Dismissed hospital worker blames firing on former CEO's brewery

A former Minnesota community hospital employee is accusing the hospital of firing her in retaliation for sharing concerns about the name of a brewery owned by the family of the former hospital CEO, reports The Free Press.

According to The Free Press, Deidre Hruby claims she was removed from her job as the director of patient care for Madelia Community Hospital and Clinic after she raised concerns about the name of the brewery and its beers to her co-workers. She was worried that names such as Hopzophrenia IPA and Personality Disorder Porter, were inflammatory.

The hospital disputed the claim she was fired for speaking her concerns about the name of the brewery and said Ms. Hruby's position was cut due to "an ongoing effort by the hospital to address a substantial budget deficit."

Ms. Hruby said she started a community mental health task force in 2015 with then-hospital CEO Candace Fenske. When Ms. Fenske's family opened Lost Sanity Brewing three years later, Ms. Hruby said she expressed her concerns about the name to her co-workers, according to her civil employment lawsuit.

Ms. Hruby's lawsuit alleges that Ms. Fenske reprimanded her after learning of the discussion between Ms. Hruby and her co-workers, but didn't reprimand her her co-workers, according to the report. The hospital denies that she was reprimanded and her co-workers were not.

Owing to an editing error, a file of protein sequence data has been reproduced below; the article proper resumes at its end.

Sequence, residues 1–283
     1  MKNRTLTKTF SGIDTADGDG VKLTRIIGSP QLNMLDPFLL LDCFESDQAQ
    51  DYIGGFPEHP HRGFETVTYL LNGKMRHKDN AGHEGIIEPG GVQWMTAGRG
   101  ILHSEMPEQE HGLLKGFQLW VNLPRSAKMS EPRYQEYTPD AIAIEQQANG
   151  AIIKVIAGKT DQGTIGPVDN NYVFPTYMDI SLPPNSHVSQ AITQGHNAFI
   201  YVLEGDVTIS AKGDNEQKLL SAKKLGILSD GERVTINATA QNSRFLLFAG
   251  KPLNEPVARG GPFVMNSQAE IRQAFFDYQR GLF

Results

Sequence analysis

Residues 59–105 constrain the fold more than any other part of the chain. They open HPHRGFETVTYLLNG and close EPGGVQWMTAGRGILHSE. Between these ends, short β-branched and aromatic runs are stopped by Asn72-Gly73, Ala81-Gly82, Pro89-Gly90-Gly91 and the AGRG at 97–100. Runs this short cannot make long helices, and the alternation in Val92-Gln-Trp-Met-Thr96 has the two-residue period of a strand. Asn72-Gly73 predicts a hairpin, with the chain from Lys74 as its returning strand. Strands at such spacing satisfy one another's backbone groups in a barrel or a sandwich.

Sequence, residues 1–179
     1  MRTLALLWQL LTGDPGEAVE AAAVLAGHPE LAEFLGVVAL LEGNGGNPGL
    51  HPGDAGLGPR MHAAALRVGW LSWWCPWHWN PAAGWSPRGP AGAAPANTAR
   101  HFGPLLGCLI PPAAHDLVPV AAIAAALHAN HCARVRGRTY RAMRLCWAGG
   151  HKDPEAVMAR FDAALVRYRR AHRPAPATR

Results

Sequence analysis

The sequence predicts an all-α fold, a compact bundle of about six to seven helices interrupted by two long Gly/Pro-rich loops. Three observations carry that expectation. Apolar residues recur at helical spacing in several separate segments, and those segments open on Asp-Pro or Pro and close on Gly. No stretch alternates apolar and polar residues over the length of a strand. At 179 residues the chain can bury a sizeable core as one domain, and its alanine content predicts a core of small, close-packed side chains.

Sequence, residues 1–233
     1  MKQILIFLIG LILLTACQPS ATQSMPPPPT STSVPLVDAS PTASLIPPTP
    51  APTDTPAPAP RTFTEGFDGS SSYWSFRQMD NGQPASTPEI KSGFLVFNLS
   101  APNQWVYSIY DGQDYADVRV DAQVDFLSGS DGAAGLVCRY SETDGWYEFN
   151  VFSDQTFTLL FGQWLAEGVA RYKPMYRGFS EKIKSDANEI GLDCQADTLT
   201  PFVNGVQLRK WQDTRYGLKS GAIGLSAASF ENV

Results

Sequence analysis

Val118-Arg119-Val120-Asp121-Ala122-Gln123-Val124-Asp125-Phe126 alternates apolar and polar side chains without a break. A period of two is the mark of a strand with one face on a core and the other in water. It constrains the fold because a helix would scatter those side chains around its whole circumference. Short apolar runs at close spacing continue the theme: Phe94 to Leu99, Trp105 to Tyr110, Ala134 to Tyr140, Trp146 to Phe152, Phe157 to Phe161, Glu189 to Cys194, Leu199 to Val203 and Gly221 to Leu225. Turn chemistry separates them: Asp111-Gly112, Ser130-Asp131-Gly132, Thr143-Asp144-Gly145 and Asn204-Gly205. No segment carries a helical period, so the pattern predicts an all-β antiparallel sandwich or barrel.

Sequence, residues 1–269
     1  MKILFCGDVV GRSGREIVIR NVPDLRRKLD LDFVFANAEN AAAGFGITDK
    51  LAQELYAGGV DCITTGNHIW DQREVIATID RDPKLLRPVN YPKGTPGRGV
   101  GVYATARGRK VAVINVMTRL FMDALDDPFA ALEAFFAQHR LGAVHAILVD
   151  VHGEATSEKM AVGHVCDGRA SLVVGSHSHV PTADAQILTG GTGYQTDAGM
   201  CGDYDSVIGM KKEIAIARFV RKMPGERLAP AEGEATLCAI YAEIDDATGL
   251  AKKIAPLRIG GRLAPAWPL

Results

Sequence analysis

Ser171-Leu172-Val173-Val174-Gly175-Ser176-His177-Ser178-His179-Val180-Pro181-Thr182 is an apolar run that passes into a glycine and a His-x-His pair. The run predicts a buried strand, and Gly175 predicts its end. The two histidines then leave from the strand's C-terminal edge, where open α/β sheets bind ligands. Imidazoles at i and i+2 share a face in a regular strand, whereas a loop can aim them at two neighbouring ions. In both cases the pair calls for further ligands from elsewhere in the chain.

When Ms. Fenske announced her retirement, Ms. Hruby applied for the CEO job, according to the report. She was not considered for the job, and never received an interview, according to the complaint.

In early 2019, Ms. Hruby filed a complaint with the U.S. Equal Employment Opportunity Commission. That claim was dismissed in March, and she was told by the new CEO Jeff Mengenhausen that her position was being eliminated indefinitely in April.

However, Ms. Hruby filed a new complaint this month in Watonwan County District Court, alleging the hospital violated Minnesota human rights law by firing her in retaliation and seeks financial damages, according to The Free Press.

The hospital said it "look[s] forward to the opportunity to present the facts, and we believe that the court will ultimately dismiss the complaint."

Read the full report here

 

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